We’ve all been there: you’ve worked hard with your team to develop a communication system for an individual with complex communication needs (CCN). Now that the manual symbol board and/or voice output device is ready, what should happen next?
Steps in Planning:
- First get some good baseline data. You will want to document:
- The vocabulary the AAC user already uses and knows. This needs to be measured in natural interactions for the most part.
- The language level of the AAC user: single words only, word combinations, grammatical sentences, etc.
- The type(s) of prompting needed to access the AAC system. The context or device that require prompts by the AAC user. The frequency that the AAC system is used with prompting, independently or at some level in between (i.e., describe the level of prompt that is needed if any).
- The contexts in which the AAC system is used. (With what partners, in what situations, with what prompts, etc.)
- The types of communicative functions the AAC user can express. (Requests, inquiries, comments, compliments, etc.)
- The other communication strategies that augment the AAC user’s communication. (Facial expressions, gestures, vocalizations, speech that family members understand, etc.)
- Determine what your goals would be if the individual did NOT need an AAC system. This keeps the focus on using the AAC system in meaningful activities that nurture improved interaction with a variety of partners.
Examples: To learn new vocabulary, develop or improve syntax, communicate with family, peers, teachers, etc.
Strategies: Observe typical children or adults in the situations that interest the individual with CCN and in the interactions that will be required (i.e., interactions with teachers or employers) to learn what the communication demands will be. Talk to other team members about their interactions with the AAC user to find out how to plan for generalization of the skills across partners/contexts. Think about each team member’s hopes and dreams for the individual with CCN. Be sure to carefully consider the user’s ideas about the potential of the AAC system.
- Write objectives that are meaningful, measureable and specify a generalization component.
Avoid attaching percentages to objectives unless this is really functional. For example: Susie will maintain eye contact with 80% accuracy is NOT an appropriate objective because it cannot be measured reliably, and it is probably socially off-putting to teach the individual to stare intently at communication partners.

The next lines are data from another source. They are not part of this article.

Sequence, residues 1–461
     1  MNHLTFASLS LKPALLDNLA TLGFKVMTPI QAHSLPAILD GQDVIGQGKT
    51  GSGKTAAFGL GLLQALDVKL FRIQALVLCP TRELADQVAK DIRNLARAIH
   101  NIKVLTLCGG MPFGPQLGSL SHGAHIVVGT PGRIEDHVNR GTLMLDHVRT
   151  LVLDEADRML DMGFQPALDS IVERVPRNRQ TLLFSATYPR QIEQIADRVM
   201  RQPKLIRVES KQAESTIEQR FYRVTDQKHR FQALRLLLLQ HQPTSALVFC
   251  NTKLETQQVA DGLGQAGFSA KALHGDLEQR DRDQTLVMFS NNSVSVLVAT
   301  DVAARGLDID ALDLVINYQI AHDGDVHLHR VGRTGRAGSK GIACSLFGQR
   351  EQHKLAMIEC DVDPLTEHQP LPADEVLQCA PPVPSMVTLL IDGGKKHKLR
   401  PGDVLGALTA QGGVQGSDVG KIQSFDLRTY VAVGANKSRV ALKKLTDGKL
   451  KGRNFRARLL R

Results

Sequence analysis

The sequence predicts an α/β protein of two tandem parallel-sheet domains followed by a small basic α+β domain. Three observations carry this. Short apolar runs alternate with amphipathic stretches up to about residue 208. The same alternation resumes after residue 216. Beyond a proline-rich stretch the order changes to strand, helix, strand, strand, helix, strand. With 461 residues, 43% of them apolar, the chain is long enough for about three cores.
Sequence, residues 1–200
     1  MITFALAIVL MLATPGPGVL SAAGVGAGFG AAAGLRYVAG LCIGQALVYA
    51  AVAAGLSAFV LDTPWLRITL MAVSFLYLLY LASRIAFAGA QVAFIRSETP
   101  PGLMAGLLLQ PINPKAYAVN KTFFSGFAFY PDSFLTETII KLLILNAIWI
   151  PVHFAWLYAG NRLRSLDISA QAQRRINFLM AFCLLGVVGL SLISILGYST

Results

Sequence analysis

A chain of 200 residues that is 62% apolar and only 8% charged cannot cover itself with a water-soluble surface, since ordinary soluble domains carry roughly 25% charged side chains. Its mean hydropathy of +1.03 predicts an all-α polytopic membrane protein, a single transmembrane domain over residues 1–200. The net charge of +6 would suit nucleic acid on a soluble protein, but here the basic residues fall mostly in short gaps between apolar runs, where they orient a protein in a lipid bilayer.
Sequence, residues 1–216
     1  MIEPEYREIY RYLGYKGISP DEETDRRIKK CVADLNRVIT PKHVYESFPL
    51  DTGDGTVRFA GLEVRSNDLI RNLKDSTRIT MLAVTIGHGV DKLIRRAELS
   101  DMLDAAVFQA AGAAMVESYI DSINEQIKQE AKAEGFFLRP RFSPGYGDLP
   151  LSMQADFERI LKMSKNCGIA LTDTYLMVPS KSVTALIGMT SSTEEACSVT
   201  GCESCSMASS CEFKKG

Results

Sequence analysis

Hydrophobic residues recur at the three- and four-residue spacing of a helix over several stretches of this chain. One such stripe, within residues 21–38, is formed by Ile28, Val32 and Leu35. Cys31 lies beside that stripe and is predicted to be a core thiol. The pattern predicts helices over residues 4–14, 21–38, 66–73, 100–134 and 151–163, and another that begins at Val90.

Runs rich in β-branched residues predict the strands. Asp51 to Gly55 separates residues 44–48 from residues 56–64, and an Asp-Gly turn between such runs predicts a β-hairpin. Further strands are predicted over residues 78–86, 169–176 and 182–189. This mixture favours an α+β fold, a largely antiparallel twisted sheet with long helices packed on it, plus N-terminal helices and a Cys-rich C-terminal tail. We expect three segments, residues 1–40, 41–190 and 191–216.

A better example would be: Using one or more components of her AAC system (vocalizations, messages on her voice output device, and gestures) Susie will respond by looking up, making eye contact and saying “hello” within 3 seconds after 2 different peers greet her at recess on 5 consecutive days.
This objective is measurable, meaningful and elicits input from other team members to determine if Susie has been successful. Objectives may also address other elements of language and communication such as sequencing symbols to create messages, increasing the frequency with which the individual initiates interactions, and increasing the number of communicative functions that are expressed.
- For individuals who have behavior problems, a primary objective may be to establish efficient, socially acceptable ways to reject what is offered, ask for a break, etc.
- Test how functional and meaningful your objectives are by thinking about whether an individual who can speak without an AAC system would do what you have described.
- Remember that increasing the number of opportunities an AAC user has to interact, training potential partners and teaching the AAC user to advocate for him/herself will all be crucial elements of successful AAC intervention. Partners need to a) model the use of the AAC system, b) practice asking open-ended questions, c) wait for a response and d) accept descriptive responses generated via access of core vocabulary on devices and manual boards.
One final thought: pushing buttons and touching picture symbols on command are NOT examples of good intervention objectives because these activities do not give the individual with CCN a voice. Satisfying social relationships develop when individuals express ideas that are meaningful and appropriate. So remember that communication is the goal, and the technology should be the vehicle by which the AAC user accesses the language needed to participate more fully in work, school and social activities.